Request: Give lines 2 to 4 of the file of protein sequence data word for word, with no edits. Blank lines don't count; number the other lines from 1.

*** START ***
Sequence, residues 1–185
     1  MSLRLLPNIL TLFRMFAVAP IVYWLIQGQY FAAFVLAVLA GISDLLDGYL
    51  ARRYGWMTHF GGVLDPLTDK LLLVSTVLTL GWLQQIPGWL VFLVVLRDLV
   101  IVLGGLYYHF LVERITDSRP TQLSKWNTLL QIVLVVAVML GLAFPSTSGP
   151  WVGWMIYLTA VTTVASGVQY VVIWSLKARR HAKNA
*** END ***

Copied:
     1  MSLRLLPNIL TLFRMFAVAP IVYWLIQGQY FAAFVLAVLA GISDLLDGYL
    51  ARRYGWMTHF GGVLDPLTDK LLLVSTVLTL GWLQQIPGWL VFLVVLRDLV
   101  IVLGGLYYHF LVERITDSRP TQLSKWNTLL QIVLVVAVML GLAFPSTSGP